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Ken Jacobs has enjoyed his share of success in harness racing, both on the national stage and at home in New York. He has campaigned horses such as Dan Patch Award winner Heston Blue Chip and stakes-winners Kenneth J, He's Gorgeous, Doctor Butch, Jewels In Hock, and Becca J, not to mention many other successful horses. He hopes he can add Missile J to the list in the future. Unraced at age 2, Missile J has won four of seven races this year and brings a four-race victory streak to Saturday's $300,000 Art Rooney Pace for 3-year-old male pacers at Yonkers Raceway. The Linda Toscano-trained Missile J and driver Brian Sears won the single Rooney elimination last weekend at The Hilltop, but will need to fire like a rocket this weekend after drawing post No. 8 for the final. "On a half-mile track, it's very tough," Jacobs said about leaving from the outermost spot on the starting gate, which wins at a rate of 3.6 percent at Yonkers. "You need some luck. "He's a pretty fast horse and has a good attitude. He just has to stay sound. I've got the best trainer, so I'm very lucky. Very lucky. Linda and I have been together for 10 years, maybe longer, and she is very honest and loyal. I really like that. It's been a good partnership and we really enjoy each other." Missile J is a son of stallion American Ideal out of the mare Cantor's Daughter. Missile J was purchased for $100,000 under the name Newsmaker Bluechip at the 2014 Standardbred Horse Sale. Missile J is a full brother to stakes-winner Brownsville Bomber and his family includes millionaire Cam Swifty and stakes-winner Lonesome Day. "I picked them all the same way," Jacobs said. "I have my own criteria that I go on. Once they fall into that, I look at their conformation and family. That's how I do it. If the conformation is there, that's the one I try to get. I really liked this horse. "He trained down real good last year, but he got sore so we just quit with him. He's a pretty nice horse." Jacobs owns Missile J with Wanda Polisseni's Purple Haze Stables. "She said that every year I pick out winners, so could she have a piece of this one," Jacobs said, laughing. "She's such a wonderful person; she really is. She's good for the sport. She just loves the business. We're pretty good friends, so it was no problem. I'm happy Wanda is in on this horse." Missile J debuted with a ninth-place finish on Jan. 2, but since then hasn't been off the board in six races. His first win came in 1:51.1 on Feb. 20 in a conditioned race at the Meadowlands and he lowered his career mark to 1:51 with a victory at the Big M a week prior to the Rooney elimination. The triumph followed a respite of more than two months away from the races. "I gave him time off because I want him fresh for the rest of the year; we've got races all the way into November," Jacobs said. "That kind of helps him I think, giving him a little rest in between." Missile J is staked to the top races on the New York circuit and also has the Progress Pace on his schedule. "I didn't put him in the Breeders Crown or Meadowlands Pace because I wasn't sure how he was going to come back," said Jacobs, who owns a company with multiple locations in upstate New York that distributes electric motors, drives, controls, motor parts and power transmission products. "I thought he was going to be OK, but winning a couple non-winners of two (conditions) you don't know if you can go with the big guys. "He's got the Empire Breeders Classic and the New York Sire Stakes, races that I enjoy. I'm a New York kind of guy. (Driver) John Campbell calls me 'Billy Joel.' That's my nickname to him. He says I'm just a New York kind of guy. I just enjoy the racing. I have to go against the big guys; little old me, I (own) five or six horses. People think I buy 50 horses every year, but I really don't. I usually get two colts and two fillies. But I'm very passionate about it." In the Rooney final, elimination runner-up Rodeo Rock will start from post two for driver Daniel Dube and trainer Don Swick. He finished 1-3/4 lengths behind Missile J, who paced 1:53.2 for the win. Elimination third-place finisher Artmagic, owned by Purple Haze Stables and coupled with Missile J in the wagering, will start the final from post No. 1. George Brennan is listed to drive for trainer Trond Smedshammer. Saturday's card at Yonkers also includes the $100,000 Lismore Pace for 3-year-old female pacers. For more, click here. Ken Weingartner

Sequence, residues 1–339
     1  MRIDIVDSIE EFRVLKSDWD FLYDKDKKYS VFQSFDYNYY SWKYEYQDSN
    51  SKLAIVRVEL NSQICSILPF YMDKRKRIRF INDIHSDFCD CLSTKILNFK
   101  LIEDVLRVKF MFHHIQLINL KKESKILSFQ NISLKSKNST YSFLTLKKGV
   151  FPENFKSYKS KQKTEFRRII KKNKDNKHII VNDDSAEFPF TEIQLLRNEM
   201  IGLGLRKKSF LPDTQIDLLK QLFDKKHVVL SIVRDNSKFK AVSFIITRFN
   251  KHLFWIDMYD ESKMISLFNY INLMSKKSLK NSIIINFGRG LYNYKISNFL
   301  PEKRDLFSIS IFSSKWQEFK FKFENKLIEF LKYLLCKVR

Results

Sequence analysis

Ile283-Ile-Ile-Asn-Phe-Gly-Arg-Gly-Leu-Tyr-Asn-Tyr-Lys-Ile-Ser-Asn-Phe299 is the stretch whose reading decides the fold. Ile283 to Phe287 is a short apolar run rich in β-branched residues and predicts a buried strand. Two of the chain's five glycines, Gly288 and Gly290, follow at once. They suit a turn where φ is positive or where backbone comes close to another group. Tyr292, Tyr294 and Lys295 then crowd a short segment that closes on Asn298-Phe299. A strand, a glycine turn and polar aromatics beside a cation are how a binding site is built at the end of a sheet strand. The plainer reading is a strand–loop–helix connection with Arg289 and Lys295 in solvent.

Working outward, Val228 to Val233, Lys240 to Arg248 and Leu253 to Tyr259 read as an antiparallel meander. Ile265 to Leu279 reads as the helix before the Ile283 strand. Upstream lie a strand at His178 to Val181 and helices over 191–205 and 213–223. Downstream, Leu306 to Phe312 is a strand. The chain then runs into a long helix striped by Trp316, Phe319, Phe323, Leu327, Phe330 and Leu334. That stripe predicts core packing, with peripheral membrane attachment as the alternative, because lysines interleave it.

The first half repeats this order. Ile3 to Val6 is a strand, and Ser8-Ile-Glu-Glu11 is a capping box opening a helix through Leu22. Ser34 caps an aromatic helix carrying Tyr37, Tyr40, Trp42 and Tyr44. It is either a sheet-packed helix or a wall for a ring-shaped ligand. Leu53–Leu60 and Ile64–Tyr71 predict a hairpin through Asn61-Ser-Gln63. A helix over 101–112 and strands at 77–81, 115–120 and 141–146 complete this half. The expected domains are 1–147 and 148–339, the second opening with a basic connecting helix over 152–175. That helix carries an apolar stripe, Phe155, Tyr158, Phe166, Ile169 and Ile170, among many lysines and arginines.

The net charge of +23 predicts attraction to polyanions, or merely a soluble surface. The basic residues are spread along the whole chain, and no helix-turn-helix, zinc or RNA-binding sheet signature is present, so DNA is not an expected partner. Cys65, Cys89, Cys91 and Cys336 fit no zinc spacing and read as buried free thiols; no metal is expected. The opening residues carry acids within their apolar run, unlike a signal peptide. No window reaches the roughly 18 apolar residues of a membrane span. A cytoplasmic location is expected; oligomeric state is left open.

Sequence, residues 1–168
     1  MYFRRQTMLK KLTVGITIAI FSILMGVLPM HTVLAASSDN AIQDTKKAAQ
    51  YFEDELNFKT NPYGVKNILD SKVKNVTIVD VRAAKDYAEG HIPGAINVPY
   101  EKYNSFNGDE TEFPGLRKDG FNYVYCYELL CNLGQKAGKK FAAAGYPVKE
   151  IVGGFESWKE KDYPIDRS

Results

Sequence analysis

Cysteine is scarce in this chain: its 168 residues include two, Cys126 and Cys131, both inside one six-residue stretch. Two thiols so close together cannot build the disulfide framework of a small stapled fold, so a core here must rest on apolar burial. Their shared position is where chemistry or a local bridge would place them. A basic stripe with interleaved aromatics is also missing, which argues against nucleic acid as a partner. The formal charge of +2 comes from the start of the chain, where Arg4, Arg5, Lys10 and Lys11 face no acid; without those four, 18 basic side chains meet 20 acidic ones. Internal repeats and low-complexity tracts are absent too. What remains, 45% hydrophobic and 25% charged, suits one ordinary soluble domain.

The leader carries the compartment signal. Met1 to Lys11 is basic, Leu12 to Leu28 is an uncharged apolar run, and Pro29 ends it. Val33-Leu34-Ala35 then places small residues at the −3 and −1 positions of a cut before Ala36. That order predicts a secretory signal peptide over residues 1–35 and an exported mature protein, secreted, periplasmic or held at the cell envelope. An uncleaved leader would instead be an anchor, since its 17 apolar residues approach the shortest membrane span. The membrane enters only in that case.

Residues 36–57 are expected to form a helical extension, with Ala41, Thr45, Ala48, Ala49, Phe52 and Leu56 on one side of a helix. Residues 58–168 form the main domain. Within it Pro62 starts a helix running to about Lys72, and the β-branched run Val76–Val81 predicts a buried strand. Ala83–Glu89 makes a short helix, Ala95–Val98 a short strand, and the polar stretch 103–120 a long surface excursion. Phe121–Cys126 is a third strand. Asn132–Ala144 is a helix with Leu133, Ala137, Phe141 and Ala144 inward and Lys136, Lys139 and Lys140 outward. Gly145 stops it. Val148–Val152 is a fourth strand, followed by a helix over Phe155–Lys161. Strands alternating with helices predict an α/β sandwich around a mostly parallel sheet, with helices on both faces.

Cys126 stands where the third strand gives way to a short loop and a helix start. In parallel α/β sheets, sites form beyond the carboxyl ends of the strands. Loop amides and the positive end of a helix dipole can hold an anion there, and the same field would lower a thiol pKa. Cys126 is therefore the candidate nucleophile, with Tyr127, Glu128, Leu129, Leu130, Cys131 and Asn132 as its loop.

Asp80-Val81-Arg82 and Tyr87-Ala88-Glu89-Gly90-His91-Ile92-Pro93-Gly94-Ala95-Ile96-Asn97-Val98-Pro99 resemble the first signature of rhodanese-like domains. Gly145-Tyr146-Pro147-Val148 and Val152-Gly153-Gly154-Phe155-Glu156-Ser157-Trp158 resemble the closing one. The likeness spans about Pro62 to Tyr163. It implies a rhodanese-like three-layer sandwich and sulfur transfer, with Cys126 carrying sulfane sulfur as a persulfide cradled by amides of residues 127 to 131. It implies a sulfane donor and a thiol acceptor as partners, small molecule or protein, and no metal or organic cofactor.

Four-year-old male pacer Wiggle It Jiggleit finds himself in a familiar position in this year’s first harness racing Hambletonian Society/Breeders Crown poll -- the No. 1 spot. Wiggle It Jiggleit finished last year as the poll’s top-ranked horse. The returning Dan Patch Award-winning Horse of the Year has won five of eight races this year, finishing no worse than second in any start, and is coming off a track-record performance in the Battle of Lake Erie at Northfield Park. Sitting at No. 2 in the poll is 7-year-old New Zealand-import Bit Of A Legend, whose nine victories this season include the Levy Memorial Pacing Series championship. His $473,750 in purses are No. 1 among all harness racing horses in North America. Multiple Dan Patch Award-winning female trotter Bee A Magician is third in the rankings, followed by 4-year-old male pacer Rockin Ron, who earlier this season won the Confederation Cup with a Canadian-record performance, and 3-year-old male pacer Check Six, the Pennsylvania Classic winner. Four-year-old male trotter Maestro Blue Chip, unbeaten in 10 races this year and coming off a victory in a division of the Graduate Series, is No. 6. The remainder of the Top 10 includes two returning Breeders Crown champions in male pacers Always B Miki (No. 7) and Freaky Feet Pete (No. 10) as well as two returning divisional champions in 3-year-old male trotter Southwind Frank (No. 8) and 3-year-old female pacer Pure Country (No. 9). A total of 37 horses received at least one point in the year’s first poll. Each horse in the top seven received at least one first-place vote. The Hambletonian Society/Breeders Crown poll does not determine Horse of the Year. The U.S. Harness Writers Association votes in December on all division winners plus Trotter of the Year, Pacer of the Year and Horse of the Year. Rankings based on the votes of harness racing media representatives on a 10-9-8-7-6-5-4-3-2-1 basis. Hambletonian Society/Breeders Crown Standardbred Poll: Week 1 – 5/24/2016 Rank Name (First Place Votes) A/G/S Record Earnings Points Pvs 1 Wiggle It Jiggleit (18) 4pg 8-5-3-0 $289,765 323 -- 2 Bit Of A Legend N (7) 7ph 12-9-2-0 $473,750 250 -- 3 Bee A Magician (2) 6tm 3-3-0-0 $107,000 193 -- 4 Rockin Ron (1) 4pg 11-10-1-0 $207,690 181 -- 5 Check Six (2) 3pc 4-4-0-0 $328,443 151 -- 6 Maestro Blue Chip (1) 4th 10-10-0-0 $130,000 128 -- 7 Always B Miki (4) 5ph 3-2-1-0 $31,250 97 -- 8 Southwind Frank 3tc 1-1-0-0 $12,500 83 -- 9 Pure Country 3pf 2-1-0-1 $159,300 81 -- 10 Freaky Feet Pete 4ph 4-3-0-1 $55,500 77 -- Also: Nickle Bag (56); All Bets Off (47); JL Cruze, Rockeyed Optimist (40); Yagonnakissmeornot (33); Resolve (25); Boston Red Rocks (23); Cufflink Hanover (11); Musical Rhythm (10); Sell A Bit N (9); Betting Line, L A Delight, Wings Of Royalty (7); Major Athens, Pinkman, Shamballa (6); Hannelore Hanover (5); Bushwacker, Darlinonthebeach (4); Caprice Hill, Mach It So (3); All The Time, Bigtown Hero, JK Will Power (2); Dayson, Mel Mara, Unlocked (1). by Ken Weingartner, Harness Racing Communications